A study of 1,407 people who had mild cases of COVID-19 found that 27% were still struggling with symptoms like shortness of breath and chest pain more than two months later

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Long haul COVID
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More than a year into the pandemic, researchers are still learning more about how COVID-19 attacks the body, and a new study indicates that it's not just those with severe cases who deal with long-term symptoms of the virus — many people with mild or asymptomatic cases can also become "long-haulers."

In one of the first large studies focused on mild COVID-19 cases in people who did not require hospitalization, researchers looked at the medical records of 1,407 people in California who had tested positive for COVID-19 and experienced mild symptoms or were asymptomatic when they were initially infected. Of that group, 382 people, or 27%, were struggling with COVID-19 symptoms like shortness of breath, nausea, coughing and joint pain more than 60 days after testing positive.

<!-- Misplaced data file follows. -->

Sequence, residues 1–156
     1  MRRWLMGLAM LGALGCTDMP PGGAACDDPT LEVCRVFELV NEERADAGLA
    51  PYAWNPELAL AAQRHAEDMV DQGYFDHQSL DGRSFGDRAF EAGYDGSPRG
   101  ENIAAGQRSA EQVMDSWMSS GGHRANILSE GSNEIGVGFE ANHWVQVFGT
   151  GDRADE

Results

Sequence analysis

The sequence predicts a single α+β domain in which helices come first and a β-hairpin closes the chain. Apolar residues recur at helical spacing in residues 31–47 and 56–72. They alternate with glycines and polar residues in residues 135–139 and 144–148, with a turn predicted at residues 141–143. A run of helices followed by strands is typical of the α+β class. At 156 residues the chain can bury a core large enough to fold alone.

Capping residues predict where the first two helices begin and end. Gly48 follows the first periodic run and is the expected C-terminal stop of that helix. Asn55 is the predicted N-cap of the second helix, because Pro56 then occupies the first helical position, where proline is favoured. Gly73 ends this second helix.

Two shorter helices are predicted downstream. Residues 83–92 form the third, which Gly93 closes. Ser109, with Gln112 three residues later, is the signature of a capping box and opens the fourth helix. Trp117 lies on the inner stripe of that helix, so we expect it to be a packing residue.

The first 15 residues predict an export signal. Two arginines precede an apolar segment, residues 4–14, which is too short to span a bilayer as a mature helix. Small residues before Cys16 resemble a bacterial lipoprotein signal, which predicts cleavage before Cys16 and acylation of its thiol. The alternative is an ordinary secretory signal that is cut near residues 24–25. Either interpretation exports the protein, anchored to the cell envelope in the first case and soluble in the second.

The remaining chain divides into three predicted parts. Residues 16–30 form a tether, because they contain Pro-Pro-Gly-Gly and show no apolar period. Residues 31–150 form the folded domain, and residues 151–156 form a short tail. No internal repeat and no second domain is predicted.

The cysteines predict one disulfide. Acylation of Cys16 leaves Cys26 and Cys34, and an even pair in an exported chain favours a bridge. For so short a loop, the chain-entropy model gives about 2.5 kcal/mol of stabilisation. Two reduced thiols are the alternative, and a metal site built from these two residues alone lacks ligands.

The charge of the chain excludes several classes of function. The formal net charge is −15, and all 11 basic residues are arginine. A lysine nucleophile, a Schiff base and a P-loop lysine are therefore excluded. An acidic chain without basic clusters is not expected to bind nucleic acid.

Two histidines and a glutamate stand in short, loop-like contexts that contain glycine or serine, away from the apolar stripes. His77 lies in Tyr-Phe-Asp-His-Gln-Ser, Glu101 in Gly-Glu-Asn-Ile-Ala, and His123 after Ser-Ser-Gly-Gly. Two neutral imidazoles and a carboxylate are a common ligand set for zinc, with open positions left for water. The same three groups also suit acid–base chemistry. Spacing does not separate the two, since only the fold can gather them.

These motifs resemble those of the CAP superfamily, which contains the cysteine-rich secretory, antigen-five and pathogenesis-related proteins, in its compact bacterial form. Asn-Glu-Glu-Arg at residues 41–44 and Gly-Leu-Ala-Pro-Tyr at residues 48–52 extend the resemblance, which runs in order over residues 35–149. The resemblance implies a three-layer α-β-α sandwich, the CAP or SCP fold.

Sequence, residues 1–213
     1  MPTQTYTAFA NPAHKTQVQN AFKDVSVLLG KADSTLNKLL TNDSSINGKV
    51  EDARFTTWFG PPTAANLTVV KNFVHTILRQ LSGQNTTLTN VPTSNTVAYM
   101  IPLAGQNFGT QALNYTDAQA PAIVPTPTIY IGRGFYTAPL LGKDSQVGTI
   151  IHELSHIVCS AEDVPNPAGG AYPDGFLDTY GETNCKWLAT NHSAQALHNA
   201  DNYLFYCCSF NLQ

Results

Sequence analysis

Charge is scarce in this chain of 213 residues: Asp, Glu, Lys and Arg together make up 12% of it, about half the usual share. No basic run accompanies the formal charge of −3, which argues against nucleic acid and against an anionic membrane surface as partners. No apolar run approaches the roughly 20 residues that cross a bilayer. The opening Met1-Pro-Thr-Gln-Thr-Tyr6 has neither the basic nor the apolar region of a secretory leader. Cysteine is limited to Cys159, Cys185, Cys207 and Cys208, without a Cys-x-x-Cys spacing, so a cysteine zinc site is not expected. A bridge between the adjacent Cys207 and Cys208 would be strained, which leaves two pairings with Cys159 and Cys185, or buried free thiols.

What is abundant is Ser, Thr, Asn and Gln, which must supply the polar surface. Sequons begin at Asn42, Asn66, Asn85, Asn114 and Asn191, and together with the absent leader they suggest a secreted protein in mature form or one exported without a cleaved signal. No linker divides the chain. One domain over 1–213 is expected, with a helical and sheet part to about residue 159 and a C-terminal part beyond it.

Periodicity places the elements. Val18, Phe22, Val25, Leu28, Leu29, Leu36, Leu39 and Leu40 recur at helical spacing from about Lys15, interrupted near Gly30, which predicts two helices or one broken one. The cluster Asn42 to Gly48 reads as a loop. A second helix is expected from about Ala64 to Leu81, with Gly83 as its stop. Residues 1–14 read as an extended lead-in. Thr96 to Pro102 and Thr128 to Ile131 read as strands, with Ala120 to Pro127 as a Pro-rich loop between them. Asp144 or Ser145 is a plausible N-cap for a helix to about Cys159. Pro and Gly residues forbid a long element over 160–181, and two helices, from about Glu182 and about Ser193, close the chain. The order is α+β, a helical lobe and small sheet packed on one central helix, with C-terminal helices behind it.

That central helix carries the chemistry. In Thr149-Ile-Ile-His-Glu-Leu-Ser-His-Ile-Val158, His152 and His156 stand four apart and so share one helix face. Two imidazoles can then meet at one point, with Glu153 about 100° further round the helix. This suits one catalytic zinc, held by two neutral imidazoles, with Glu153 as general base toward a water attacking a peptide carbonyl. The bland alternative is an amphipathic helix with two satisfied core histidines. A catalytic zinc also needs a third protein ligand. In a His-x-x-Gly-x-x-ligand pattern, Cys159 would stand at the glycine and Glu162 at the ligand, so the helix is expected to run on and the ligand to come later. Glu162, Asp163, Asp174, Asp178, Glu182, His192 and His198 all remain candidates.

And a third of those with long-term symptoms said that they did not have any symptoms when they were first diagnosed with COVID-19, or in the 10 days after their positive test.

Women "were more likely to become long-haulers," the researchers said, and these long-term symptoms were found in people of any age group, with most around age 50. There were also 34 children in the study, and 11 had long-term symptoms.

The study, from researchers at the University of California, Irvine, is currently on MedRxiv, a pre-print site for medical studies that are undergoing peer review.

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Currently, not much is known about why some people suffer from long-term COVID-19 symptoms while others do not. In February, the National Institutes of Health announced that they would begin a new initiative to study "long COVID" and better understand the reasons for the ongoing symptoms.

The researchers from UC Irvine also noted the lack of research on "long-haulers" in their study.

"Long-haulers represent a very significant public health concern, and there are no guidelines to address their diagnosis and management," they wrote. "Additional studies are urgently needed that focus on the physical, mental, and emotional impact of long-term COVID-19 survivors who become long-haulers."